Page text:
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Ottorino RESPIGHI (1879-1936)
Quartetto Dorico (1924) [21:59]
Sonata in B minor for violin and piano (1916-17) [26:55]
Six Pieces for Violin and Piano*: Berceuse; Melodia; Leggenda; Valse caressante; Serenata; Aria (1901-05) [28:58]
Quartetto della Scala
Claudio Voghera* (piano); Francesco Manara* (violin)
rec. Bartók Studio, Bernareggio, near Milan, Italy, February 2011.
CONCERTO CD 2060 [77:52]

Experience Classicsonline

Respighi’s Quartetto Dorico dates from a prolific period when works like Pines of Rome were bringing the composer international fame. Indeed, Quartetto Dorico met with acclaim when it was performed by a quartet including Respighi himself in New York’s Carnegie Hall in 1925.

Respighi’s heightened sense of colour is strongly felt in the Dorico. The work seems to leap out of the usual sonic confines of a string quartet, to such an extent that one can easily imagine a string orchestra playing. As the nomenclature ‘Doric’ implies, the main theme is based on the old church mode, and this unifies its constantly evolving web through a continuous 22-minute span. It is played through as a single movement but this can be divided into four sections: Energico; Allegro moderato; Elegiaco (adagio) and Moderato energico (Passacaglia). The Quartetto della Scala bring passion and attack to its elated passages and serene beauty to others of quiet supplication. The ensemble playing is finely attuned and articulated.

The Sonata for Violin and Piano is a lyrical creation in the Late Romantic tradition, the first movement passionate, sometimes turbulently so, and sweetly romantic. The opening Moderato has Respighi writing in the tradition of the late 19th century Russian Romantics rather than being inspired by ancient modes and the early Italian masters. The lovely Andante caresses the ear, the piano’s bell-like figurations counterpointing the violin’s long-breathed song of yearning. Respighi, in the final movement, nods back to former times, in so far as it utilises the old Italian form of a Passacaglia (ground bass and variations).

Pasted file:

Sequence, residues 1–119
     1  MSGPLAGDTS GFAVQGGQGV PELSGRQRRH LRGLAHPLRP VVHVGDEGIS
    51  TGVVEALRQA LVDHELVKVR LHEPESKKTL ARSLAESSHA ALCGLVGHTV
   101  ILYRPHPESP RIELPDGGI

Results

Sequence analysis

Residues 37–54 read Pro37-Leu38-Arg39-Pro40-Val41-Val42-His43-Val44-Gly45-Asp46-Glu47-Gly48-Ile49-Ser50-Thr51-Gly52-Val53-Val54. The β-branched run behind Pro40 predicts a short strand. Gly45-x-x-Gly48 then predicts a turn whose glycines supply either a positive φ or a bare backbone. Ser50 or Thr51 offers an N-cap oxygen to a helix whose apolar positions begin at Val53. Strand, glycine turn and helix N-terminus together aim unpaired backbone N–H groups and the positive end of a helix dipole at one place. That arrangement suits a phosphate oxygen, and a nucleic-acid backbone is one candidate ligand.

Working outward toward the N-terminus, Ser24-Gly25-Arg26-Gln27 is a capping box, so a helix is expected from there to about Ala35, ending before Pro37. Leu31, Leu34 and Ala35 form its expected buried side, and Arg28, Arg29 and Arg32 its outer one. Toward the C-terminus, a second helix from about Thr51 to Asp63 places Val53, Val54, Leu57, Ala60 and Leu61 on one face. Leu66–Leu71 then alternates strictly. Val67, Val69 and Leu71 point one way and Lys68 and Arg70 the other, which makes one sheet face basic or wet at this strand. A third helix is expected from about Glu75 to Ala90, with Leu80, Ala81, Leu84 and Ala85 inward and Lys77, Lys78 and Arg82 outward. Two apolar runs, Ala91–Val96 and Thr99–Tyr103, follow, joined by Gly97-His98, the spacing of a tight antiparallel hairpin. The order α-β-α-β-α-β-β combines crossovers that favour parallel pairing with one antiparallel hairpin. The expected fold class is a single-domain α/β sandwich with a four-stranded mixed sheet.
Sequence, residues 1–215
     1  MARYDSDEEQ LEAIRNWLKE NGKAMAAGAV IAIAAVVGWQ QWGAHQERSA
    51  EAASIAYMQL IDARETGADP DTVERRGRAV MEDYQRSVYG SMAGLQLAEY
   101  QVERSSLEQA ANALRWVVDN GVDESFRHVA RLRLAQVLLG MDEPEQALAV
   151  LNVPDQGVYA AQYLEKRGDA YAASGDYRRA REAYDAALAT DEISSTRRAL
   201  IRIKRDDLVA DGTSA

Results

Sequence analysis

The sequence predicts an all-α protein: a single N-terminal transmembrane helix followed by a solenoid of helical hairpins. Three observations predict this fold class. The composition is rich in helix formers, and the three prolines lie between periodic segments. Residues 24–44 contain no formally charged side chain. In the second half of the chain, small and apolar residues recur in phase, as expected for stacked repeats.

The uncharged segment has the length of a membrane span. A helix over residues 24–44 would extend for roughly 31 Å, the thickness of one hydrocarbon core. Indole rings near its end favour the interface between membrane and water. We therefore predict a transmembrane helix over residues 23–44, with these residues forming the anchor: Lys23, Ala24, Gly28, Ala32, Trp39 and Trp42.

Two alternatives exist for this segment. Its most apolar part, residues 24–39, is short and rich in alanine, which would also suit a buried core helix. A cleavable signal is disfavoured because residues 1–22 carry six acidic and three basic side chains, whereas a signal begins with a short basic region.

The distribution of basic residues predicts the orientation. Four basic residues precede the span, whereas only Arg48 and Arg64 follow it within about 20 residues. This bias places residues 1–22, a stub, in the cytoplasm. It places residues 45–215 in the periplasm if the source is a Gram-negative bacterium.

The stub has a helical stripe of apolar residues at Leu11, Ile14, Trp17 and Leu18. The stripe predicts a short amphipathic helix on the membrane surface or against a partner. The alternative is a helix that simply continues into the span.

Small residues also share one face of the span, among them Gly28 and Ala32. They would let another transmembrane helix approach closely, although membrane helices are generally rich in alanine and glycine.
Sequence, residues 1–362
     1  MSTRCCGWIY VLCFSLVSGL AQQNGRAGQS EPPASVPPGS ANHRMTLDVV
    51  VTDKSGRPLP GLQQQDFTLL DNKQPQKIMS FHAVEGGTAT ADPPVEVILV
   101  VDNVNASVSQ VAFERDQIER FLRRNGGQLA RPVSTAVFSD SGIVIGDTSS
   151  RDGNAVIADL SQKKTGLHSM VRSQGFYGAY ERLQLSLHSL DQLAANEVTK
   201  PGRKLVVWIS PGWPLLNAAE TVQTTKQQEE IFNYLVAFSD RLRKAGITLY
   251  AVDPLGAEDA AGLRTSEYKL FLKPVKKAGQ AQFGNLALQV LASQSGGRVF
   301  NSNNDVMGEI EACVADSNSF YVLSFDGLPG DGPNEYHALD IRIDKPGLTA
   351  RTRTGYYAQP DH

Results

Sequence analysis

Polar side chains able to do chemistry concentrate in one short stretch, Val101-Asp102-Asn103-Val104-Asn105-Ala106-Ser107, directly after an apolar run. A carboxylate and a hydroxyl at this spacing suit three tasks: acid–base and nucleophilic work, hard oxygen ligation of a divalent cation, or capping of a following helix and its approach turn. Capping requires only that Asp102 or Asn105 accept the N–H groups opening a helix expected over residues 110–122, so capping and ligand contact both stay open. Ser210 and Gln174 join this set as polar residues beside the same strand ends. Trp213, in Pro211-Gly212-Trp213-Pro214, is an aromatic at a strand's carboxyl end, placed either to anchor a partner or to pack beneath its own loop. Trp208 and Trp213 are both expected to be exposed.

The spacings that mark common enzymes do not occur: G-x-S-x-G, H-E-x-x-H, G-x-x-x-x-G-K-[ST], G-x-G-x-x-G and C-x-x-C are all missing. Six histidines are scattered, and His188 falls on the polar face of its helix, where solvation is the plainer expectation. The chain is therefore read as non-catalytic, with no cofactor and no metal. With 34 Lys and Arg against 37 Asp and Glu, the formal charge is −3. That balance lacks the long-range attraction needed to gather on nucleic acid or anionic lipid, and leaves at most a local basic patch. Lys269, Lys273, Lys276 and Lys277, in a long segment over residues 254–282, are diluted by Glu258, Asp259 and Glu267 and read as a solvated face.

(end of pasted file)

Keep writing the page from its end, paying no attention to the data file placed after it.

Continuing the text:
My colleague Charles Niven, Treasurer of the now defunct Respighi Society has written, “The way Respighi has crafted the music means that considerable virtuosity is required of both players. The interplay between the two instrumentalists is really the heart of the work and this requires soloists of equal standing. Perhaps this need explains the relative paucity of recordings; there have been only twenty recordings ... Jascha Heifetz championed the work and his 1950 recording with Emanuel Bay on RCA Victor Gold Seal is the most famous. Very few contemporary violinists have attempted a recording or given performances. As if to reinforce the point that when outstanding artists do get together to perform this work the result will be impressive, the recording with Kyung-Wha Chung and Krystian Zimerman won the Gramophone Award for Chamber Music in 1989. This was later re-released at mid-price coupled with the Strauss violin sonata: DG 4579072.” The partnership of Manara and Voghera scales, with aplomb, the virtuosic heights demanded by this work.

The charming Six Pieces for Violin and Piano is enchanting salon music written between 1901 and 1905 and typical of the ‘English Edwardian’ period. So much of it reminds one of the music of Elgar. The pieces have diverse origins. The opening Berceuse, originally conceived as a piece for a string ensemble, has the violin weaving a nostalgic melody over a rippling piano accompaniment. In very similar vein, the sugary Melodia is alone in being originally conceived for violin and piano. Leggenda first planned for violin and orchestra, and the most considerable piece, is more introspective and dramatic. The fourth piece was originally for piano alone; its marking Valse caressante, speaks for itself - it is a glittering waltz that enchants the ear although Manara’s interpretation is a tad too spiky. The gorgeous, lilting, dreamy Serenata, the shortest piece, was a number from the opera Re Enzo. Finally, Aria, which had been composed in St Petersburg where Respighi worked with Rimsky-Korsakov, was originally written for strings and organ.

A worthy collection of less well-known Respighi chamber pieces performed with virtuosity and vivacity.

Ian Lace








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